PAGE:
Thursday 5 January 2023

Dwelling in God’s Beloved Cosmos

“For God so loved the world….”

–John 3:16a

Do you like to gaze at the stars? I do. My only complaint is that all the artificial light pollution in Toronto makes it difficult to see more than just the brightest ones. If I am lucky, sometimes I will see the Big Dipper, the North Star, or Orion’s Belt. I am always astonished, however, whenever I leave the bright lights of the city and am able to make out the dusty white band of the Milky Way or witness the sheer infinity of heavenly bodies that become visible in darker conditions.

I’m not sure why I like looking at stars. They can make you feel frighteningly small and insignificant. As Blaise Pascal laments in his Pensées: “When I consider the short duration of my life, swallowed up in an eternity before and after, the little space I fill engulfed in the infinite immensity of spaces whereof I know nothing, and which know nothing of me, I am terrified. The eternal silence of these infinite spaces frightens me….”

I sometimes wonder if the cold and meaningless universe that secular modernity insists upon, and which so terrified Pascal, can be reconciled with the world that scripture calls a cosmos (Greek kosmos, kosmon), the world bathed in God’s creating and healing love. Our reason alone will never tell us that the universe is such a cosmos, even as our hearts, if we listen to them, keep stubbornly insisting that it is so.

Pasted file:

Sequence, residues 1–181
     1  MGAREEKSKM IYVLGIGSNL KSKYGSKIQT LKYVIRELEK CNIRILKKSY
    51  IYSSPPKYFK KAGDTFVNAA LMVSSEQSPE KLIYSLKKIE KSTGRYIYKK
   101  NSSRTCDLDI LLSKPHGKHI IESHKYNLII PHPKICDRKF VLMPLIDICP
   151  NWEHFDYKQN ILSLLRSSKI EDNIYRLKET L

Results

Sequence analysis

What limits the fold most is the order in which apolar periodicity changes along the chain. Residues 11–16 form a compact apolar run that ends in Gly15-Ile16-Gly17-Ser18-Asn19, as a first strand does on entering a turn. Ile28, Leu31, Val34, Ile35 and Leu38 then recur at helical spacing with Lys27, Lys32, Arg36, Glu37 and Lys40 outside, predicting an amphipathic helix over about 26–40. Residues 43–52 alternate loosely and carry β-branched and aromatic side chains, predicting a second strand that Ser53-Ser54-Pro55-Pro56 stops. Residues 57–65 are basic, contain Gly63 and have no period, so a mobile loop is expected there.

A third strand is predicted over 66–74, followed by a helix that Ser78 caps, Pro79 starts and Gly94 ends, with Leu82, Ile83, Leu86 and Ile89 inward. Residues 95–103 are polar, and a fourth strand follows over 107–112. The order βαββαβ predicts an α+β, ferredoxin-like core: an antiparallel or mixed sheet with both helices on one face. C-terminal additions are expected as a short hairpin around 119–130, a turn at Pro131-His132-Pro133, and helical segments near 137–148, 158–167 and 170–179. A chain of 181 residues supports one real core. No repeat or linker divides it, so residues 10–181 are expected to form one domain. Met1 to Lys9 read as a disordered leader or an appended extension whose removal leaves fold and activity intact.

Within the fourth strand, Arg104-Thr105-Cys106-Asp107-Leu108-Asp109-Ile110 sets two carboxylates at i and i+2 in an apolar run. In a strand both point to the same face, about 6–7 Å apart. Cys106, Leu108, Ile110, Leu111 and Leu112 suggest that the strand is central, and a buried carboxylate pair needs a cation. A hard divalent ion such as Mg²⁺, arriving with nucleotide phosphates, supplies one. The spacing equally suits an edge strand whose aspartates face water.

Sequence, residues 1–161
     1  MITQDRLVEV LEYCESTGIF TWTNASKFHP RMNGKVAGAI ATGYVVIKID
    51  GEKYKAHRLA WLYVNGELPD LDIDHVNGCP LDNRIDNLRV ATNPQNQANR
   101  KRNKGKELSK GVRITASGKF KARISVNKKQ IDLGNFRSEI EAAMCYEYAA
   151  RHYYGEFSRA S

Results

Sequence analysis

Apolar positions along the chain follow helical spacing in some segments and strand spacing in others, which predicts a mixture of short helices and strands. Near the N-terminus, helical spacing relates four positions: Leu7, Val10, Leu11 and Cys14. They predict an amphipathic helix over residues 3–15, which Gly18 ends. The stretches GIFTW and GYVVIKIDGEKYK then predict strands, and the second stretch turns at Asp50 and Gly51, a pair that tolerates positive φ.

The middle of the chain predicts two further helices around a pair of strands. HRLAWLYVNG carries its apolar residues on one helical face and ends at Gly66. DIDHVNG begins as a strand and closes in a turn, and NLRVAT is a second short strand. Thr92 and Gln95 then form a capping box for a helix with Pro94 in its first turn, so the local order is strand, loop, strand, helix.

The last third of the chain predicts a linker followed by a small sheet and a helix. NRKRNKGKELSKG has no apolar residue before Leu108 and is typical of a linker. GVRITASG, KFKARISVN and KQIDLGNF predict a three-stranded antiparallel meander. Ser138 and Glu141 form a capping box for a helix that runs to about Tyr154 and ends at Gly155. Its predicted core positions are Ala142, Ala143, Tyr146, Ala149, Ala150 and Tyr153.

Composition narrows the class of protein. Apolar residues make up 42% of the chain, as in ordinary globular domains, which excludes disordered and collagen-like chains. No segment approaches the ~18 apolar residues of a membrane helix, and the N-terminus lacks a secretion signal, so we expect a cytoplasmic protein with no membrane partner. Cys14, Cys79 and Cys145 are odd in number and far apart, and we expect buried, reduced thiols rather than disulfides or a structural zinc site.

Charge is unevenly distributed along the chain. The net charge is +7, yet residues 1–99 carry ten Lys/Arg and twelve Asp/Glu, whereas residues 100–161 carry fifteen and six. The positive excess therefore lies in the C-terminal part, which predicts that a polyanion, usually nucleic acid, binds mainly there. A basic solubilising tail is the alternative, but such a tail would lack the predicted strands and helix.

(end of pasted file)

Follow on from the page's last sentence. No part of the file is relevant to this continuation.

Pascal also said that “the heart has its reasons which reason knows nothing of,” and with Pascal, I believe we must attend to these heart-reasons. They connect us to something real and vitally important, and their message is more than mere projection or wishful thinking. I have never been able to understand how people can consider the “cold and meaningless universe” picture to be nothing but a simple, neutral description of the facts, and not an interpretive spin emerging from the modern secular assumption that the only possible meaning anything can have is the meaning we impose ourselves. I don’t think it is a coincidence that the universe became cold and silent the very moment we closed ourselves to the possibility that it might speak with its own voice.

One of the main reasons I like to look up at the stars, then, is because doing so makes me spiritually porous. What I see is also seen by many different others, both far and near, and this helps me feel connected to everyone and everything around me. In those moments, I experience something of the God-loved cosmos, the good world where humans dwell below the dome of sky, populated with an infinity of lights, all made with love by the Creator of the stars of night.

As we move forward from Christmas into Epiphany, we finally recall the way a star marked Jesus’ very birthplace, the humble stable where he was wrapped in rags. As we enter the new year, I wish you all the peace announced in our Messiah’s coming: Emmanuel, God with us!

Shalom, my friends!

Ron Kuipers